Area Forecast Discussion
Issued by NWS Raleigh/Durham, NC

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FXUS62 KRAH 180007

Area Forecast Discussion
National Weather Service Raleigh NC
707 PM EST Sun Feb 17 2019

Cold air damming high pressure will extend across central NC through
early Monday, while Miller-B low pressure will track west of the
Appalachians and along the middle Atlantic coast, respectively. A
trailing cold front will cross central NC Monday afternoon. Cold
high pressure will then build from the northern Plains to the
Northeast, while extending southward across the middle Atlantic and
Carolinas, through the middle of the week.


As of 200 PM Sunday...

Embedded in the energetic SW flow aloft, the next batch of shortwave
impulses embedded will lift NE along the northern periphery of the
subtropical ridge in place across the SE US. With the bulk of DPVA
skirting just north/northwest of the area, the steadier-more
persistent rain will remain across the far northern Piedmont
and coastal plain counties. Meanwhile, across central and southern
portions of the forecast area, overrunning lift atop a shallow but
strong CAD airmass in place across central NC will generate
intermittent light rain and/or drizzle through the late
afternoon/early evening.

A SW to NE oriented band of deep frontogenesis, maximized over the
heart of the CAD airmass across the NC Piedmont; and on the cool
side of a warm front lifting into the eastern Sandhills and southern
coastal plain counties will overspread the area this evening and
overnight. Very similar to what we saw this past Friday
night/Saturday morning, expect precipitation to fill in during that
time with an area/band of moderate rain setting up across the
Piedmont counties with rainfall amounts of 0.50 to 1.0".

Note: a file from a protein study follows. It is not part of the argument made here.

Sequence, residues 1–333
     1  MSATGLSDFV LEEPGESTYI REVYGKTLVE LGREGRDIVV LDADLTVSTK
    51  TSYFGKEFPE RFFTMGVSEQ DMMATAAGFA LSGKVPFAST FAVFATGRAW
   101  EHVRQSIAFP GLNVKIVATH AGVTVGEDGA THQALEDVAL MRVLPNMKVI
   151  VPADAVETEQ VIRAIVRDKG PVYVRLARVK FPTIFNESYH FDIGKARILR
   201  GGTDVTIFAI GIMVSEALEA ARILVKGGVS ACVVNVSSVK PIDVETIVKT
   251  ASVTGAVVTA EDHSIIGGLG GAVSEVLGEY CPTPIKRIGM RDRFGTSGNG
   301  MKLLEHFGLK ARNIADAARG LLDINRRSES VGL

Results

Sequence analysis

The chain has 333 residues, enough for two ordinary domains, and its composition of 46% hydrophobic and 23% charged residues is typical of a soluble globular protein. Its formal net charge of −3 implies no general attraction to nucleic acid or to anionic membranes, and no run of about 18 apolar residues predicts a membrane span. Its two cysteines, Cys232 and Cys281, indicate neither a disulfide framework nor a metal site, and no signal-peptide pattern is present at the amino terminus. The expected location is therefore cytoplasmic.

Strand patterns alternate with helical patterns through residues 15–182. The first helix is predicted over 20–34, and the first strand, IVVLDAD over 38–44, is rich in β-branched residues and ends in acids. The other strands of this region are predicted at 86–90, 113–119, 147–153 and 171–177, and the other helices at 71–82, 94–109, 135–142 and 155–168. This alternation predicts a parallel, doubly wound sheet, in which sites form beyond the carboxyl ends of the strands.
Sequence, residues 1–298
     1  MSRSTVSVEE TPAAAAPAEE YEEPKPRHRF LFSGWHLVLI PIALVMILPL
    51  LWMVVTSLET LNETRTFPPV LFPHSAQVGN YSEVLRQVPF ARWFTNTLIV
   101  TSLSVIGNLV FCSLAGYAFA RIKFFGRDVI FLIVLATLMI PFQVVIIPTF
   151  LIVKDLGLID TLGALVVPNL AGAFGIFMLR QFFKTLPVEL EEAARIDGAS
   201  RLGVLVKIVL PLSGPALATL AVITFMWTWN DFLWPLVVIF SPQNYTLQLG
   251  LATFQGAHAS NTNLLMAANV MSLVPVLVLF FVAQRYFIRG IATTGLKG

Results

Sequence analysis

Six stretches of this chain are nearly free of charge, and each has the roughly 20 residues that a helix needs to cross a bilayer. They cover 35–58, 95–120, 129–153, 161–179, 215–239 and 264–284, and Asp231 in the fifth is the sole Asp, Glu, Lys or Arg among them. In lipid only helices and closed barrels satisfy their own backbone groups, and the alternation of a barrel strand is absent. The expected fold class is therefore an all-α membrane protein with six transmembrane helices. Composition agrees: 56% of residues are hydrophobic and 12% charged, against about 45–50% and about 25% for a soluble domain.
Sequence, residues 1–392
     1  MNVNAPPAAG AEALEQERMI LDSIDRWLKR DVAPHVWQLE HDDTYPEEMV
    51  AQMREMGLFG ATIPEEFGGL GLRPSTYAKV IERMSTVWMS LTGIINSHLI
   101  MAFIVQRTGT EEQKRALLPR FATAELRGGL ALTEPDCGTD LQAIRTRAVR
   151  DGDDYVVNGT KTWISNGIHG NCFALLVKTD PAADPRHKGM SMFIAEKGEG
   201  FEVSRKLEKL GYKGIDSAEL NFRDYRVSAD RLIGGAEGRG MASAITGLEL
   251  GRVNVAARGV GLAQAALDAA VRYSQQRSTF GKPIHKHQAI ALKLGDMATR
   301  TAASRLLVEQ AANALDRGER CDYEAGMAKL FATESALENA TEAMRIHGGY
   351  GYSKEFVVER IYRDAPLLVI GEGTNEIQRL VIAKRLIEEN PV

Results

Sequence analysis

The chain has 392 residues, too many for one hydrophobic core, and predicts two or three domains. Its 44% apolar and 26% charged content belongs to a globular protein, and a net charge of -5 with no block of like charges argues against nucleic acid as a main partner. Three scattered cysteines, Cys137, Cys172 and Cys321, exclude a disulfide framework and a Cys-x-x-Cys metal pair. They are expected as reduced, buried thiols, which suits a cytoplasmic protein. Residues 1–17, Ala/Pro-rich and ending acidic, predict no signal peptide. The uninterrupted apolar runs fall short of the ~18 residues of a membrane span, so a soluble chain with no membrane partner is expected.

Expect nearly steady temps till around midnight, followed by
rising temps and the high likelihood of a very sharp temp gradient
INVOF the eastern Sandhills and southern coastal plain counties
overnight as a warm/wedge front lifts north into SE NC.


As of 250 PM Sunday...

Lead cold front and associated band of rain/showers bisecting central
NC Monday morning will progress east and will exit the coastal
plain counties during the late morning hours. NWLY downslope flow
will lead to west to east clearing through the afternoon. The
compressional warming and afternoon sunshine will initially help to
offset the weak CAA. Highs Monday ranging from upper 50s NW to
mid 60s SE with some periodic gust of 20 to 25 mph.

A secondary cold front; the leading edge of a ~1040 mb surface
high building into the area from the upper MS Valley will move
through the area Monday evening/night. CAA will drive
temps overnight. Lows ranging from near 30 north to mid/upper 30s


As of 325 PM Sunday...

An already active weather pattern looks to persist throughout the
long term period as a series of fronts, weather systems, and CAD
events jockey for position over the Carolinas. Temperatures are
expected to alternate around normal (50s/30s) throughout the period
with high bust potential thanks to uncertainty into CAD erosion
efficiency. Clouds and POPs will be plentiful through the entire
period, with relief likely not arriving until next Sun/Mon. QPF